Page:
By Shari Narine
ENOCH CREE NATION, Alta.
The creation of a First Nations Health Consortium and approximately $5 million from the federal government promises to address the jurisdictional issues facing First Nations children who need health care.
“The First Nations Health Consortium will assist in meeting the health and social needs of First Nations children on and off reserve in Alberta,” said Tyler White, president of the newly-formed consortium.
The Maskwacis Health Services, Siksika Nation, Kee Tas Kee Now Tribal Council and Bigstone Health Commission have joined forces to ensure that First Nations children across the province receive health care on par with non-Aboriginal children. This level of service is in keeping with Jordan’s Principle.
Jordan’s Principle calls for the first jurisdiction (federal or provincial) that deals with a child’s health to cover the costs and then seek reimbursement from the other jurisdiction.
Full implementation of Jordan’s Principle was passed as a resolution by Alberta’s Assembly of Treaty Chiefs in 2010.
In 2016, the Canadian Human Rights Tribunal directed the federal government to change how it deals with children and families living on reserve, finding that current federal government policies are discriminatory.
That change by the federal government – a year after the CHRT rendered its decision – has been slow in coming.
“The First Nations Health Consortium will develop and demonstrate a child-centred coordination model that will effectively and efficiently meet all the health and social needs of First Nations children in Alberta. We are the link between the child and needed program service, supplies, equipment and support,” said White, who also serves as CEO of Siksika Health Services.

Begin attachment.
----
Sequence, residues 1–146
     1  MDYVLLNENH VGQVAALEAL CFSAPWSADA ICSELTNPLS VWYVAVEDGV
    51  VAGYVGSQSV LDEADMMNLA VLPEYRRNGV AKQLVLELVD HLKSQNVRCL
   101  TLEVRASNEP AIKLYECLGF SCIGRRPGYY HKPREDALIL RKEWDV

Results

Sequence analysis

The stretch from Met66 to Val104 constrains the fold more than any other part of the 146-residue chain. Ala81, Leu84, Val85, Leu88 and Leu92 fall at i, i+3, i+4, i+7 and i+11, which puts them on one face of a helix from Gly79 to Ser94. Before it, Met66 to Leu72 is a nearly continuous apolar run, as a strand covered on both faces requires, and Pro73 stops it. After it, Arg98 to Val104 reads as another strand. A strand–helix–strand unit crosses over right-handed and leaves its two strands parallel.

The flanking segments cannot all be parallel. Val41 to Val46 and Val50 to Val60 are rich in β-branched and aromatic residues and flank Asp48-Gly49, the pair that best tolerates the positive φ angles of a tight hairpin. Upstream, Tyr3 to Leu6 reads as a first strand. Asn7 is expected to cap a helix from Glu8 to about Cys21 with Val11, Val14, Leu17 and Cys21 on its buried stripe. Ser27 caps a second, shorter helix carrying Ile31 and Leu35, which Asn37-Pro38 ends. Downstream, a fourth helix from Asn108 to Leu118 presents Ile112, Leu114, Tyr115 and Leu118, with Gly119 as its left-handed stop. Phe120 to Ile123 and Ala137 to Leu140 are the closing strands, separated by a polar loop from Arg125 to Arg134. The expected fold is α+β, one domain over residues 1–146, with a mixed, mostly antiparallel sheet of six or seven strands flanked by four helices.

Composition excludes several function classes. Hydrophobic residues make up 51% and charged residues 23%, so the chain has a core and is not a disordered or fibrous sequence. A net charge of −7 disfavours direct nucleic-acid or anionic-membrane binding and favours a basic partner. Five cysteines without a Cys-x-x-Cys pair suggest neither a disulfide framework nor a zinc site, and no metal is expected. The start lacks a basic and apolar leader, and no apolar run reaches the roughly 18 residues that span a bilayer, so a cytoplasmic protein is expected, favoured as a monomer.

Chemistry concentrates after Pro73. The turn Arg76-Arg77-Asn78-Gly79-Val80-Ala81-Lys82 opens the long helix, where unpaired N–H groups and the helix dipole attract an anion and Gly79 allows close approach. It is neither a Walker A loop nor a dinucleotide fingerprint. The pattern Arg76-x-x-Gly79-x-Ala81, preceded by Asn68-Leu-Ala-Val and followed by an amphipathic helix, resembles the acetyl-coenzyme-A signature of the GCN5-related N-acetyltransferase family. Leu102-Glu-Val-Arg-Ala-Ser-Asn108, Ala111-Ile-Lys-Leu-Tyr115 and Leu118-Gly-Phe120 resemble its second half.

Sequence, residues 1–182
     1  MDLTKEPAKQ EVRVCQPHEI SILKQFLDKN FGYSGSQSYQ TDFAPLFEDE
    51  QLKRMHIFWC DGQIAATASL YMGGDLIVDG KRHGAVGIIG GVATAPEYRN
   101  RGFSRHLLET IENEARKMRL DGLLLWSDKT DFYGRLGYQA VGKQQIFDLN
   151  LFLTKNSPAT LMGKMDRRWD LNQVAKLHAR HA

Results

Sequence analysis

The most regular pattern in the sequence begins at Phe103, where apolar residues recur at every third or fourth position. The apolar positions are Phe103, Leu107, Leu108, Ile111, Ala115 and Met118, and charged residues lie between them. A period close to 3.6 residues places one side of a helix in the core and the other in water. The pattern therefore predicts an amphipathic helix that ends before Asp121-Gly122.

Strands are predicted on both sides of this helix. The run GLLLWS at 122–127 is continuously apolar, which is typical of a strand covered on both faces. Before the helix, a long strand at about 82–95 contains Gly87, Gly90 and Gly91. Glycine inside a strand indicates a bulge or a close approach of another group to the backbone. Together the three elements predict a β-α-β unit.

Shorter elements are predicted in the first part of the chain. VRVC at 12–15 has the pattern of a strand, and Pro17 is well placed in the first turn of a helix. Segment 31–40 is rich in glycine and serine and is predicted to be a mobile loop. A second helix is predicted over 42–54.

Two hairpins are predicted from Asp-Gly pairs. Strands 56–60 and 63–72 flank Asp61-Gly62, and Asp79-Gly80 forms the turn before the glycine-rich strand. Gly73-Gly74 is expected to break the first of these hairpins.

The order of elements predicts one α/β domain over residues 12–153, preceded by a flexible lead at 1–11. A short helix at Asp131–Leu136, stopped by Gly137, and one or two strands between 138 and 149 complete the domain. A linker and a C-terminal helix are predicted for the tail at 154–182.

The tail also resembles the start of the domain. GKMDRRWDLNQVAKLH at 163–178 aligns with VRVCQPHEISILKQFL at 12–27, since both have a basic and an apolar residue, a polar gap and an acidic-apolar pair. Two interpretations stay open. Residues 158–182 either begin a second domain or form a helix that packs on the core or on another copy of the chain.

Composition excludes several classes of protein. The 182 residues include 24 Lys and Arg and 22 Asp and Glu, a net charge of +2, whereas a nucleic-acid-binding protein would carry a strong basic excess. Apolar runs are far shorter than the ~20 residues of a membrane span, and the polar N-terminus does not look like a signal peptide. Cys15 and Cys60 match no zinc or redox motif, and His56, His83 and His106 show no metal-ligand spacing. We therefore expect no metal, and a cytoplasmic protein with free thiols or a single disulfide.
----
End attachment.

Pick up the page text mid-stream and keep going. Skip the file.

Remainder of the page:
Siksika Nation Chief Joseph Weasel Child upheld the consortium as an example of what can be accomplished when First Nations work together with the federal and provincial governments.
“(This is) a new beginning of care for First Nations in Alberta and hopefully removing that bureaucracy that is inherent with this paternalistic system,” said Weasel Child.
“The well-being of First Nations children and families is a priority of the Government of Canada and we are committed to meeting the needs of all First Nations children and acknowledge that there are long standing historical inequities that must be addressed,” said Jocelyn Andrews, on behalf of federal health minister Jane Philpott.
Newly-appointed provincial children’s services Minister Danielle Larivee reiterated that her government was committed to the United Nations Declaration on the Rights of Indigenous Peoples and the Truth and Reconciliation Commission’s recommendations.
“I’m happy … to recognize the progress that’s being made toward ensuring equitable service delivery for First Nations children,” said Larivee.
The First Nations Health Consortium comprises 11 First Nations and three Treaty areas, representing about 28 per cent of Alberta’s First Nations population.